Teacher David Shannon has watched calculus students at WHS transition from doing math with chalk and a blackboard to learning calculus on HP Minis. Now students work individually and the computer shows them an error in their calculations. If they have further problems, they can click on a digital tutor.

“The classroom of today is not the one that we or our parents were in,” Shannon says. “For many classes there are no walls. The classroom is wherever we take it. We are bringing the working world into the high school for our students.”

{pagebreak}

Grant Race

Arlene Kolber has been teaching at Woodside for 44 years, and today she runs the school’s robotics team, which works evenings and weekends to build a robot. Last year’s crew used its cache of HP computers to build the award-winning G-Wrath, a long-necked giraffelike contraption that can catapult objects across the field.

Students involved in the robotics team take their inventions to local and national competitions, and many of the budding inventors are planning to pursue engineering degrees after graduation. Watching her students spend time with technology, Kolber has seen a shift in attitude, especially for at-risk students. “The robotics program has taken kids who would have been off the bus and changed them,” she says.  While the school is located in one of the wealthiest towns in the Bay Area, school officials say 52 percent of Woodside students are on the free lunch program.

The school’s furious chase for grants, which has already led to the creation of a $55,000 recording studio, grew out of a boyhood friendship in Albany, New York, between Diesel and Principal Reilly.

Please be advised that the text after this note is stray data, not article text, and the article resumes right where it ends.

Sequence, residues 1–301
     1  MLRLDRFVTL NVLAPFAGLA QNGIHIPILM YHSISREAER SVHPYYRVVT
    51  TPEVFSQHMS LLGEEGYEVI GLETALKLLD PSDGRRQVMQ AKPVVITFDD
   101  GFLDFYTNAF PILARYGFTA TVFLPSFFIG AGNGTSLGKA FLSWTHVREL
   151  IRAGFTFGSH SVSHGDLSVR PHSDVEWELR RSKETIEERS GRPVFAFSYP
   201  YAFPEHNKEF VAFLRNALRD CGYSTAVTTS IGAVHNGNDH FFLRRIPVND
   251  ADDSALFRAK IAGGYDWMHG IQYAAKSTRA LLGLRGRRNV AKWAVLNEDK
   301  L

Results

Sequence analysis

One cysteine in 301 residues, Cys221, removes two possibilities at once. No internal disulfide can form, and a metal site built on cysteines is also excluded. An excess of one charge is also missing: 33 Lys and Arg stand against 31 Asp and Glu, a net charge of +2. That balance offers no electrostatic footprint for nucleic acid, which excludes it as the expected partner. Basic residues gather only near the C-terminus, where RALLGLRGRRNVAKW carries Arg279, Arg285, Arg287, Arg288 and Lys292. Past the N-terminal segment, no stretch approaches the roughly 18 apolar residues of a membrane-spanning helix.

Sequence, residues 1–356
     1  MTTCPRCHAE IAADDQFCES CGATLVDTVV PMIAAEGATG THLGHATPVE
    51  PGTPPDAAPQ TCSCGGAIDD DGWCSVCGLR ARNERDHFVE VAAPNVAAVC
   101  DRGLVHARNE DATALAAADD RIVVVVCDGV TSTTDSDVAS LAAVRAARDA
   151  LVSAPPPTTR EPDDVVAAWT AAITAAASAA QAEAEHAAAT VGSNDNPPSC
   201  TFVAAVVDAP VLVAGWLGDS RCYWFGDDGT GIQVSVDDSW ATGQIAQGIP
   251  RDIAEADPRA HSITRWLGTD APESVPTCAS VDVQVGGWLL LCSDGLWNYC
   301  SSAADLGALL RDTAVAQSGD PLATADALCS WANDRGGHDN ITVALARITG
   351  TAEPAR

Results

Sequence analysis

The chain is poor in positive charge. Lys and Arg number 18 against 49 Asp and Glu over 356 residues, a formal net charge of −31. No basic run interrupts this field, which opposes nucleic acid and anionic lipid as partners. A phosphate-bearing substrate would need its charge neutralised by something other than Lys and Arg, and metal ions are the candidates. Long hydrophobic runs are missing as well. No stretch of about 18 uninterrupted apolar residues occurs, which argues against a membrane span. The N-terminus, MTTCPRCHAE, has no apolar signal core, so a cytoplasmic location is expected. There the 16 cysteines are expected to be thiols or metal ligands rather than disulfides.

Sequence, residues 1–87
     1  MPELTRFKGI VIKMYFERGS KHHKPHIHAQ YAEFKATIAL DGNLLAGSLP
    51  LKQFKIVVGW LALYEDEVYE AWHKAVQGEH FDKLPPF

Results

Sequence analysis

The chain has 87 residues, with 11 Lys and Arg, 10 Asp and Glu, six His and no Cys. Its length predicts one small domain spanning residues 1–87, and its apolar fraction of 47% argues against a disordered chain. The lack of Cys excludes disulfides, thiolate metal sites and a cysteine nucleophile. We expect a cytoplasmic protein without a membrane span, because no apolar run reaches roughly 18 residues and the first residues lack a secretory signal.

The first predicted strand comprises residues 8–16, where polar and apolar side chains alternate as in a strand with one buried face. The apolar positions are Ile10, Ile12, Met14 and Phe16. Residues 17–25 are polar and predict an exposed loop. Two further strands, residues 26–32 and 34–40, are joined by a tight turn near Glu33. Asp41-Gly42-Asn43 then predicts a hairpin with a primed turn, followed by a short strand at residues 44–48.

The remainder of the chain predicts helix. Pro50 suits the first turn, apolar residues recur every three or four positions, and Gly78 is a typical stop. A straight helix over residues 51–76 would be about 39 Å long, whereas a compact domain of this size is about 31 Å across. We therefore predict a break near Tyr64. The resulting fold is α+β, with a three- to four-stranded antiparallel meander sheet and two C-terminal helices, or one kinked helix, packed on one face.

They both wound up moving to San Francisco; in their 20s, the two friends formed a band called Moe Road, so named because all of its members lived along this eponymous route. Diesel and Reilly later learned Pro Tools to produce music in their living rooms, then took their tracks down to Hyde Street Studios to record in the same space where the Grateful Dead created albums.

Along the way, Diesel became a high school English teacher and convinced his buddy it was a good opportunity offering a flexible schedule. Reilly, who is also a spoken-word poet, now runs the show at Woodside High.

“If these kids graduate high school with the skills we were developing in our 20s, they’ll have such a head start on the whole business,” Reilly says. He sees the advantage for students graduating in the heart of Silicon Valley with an employable skill set, the type of goal Career Education Training was designed to accomplish.

Reilly is sensitive to claims that technology is corrupting today’s youth, particularly a New York Times article that focused on Woodside High last year. The article argued that constant interaction with computers destroys students’ ability to focus. “Technology is really just an extension of ourselves,” Reilly says. “If you’re a person who’s very social, the technology’s just going to magnify that tendency in you. If you’re very cerebral or creative, you might make records or become a music producer.

“To label technology as having an adverse effect is a very sort of lazy judgment. The responsibility I have as an educator is to create learning opportunities where the right tendencies get magnified.”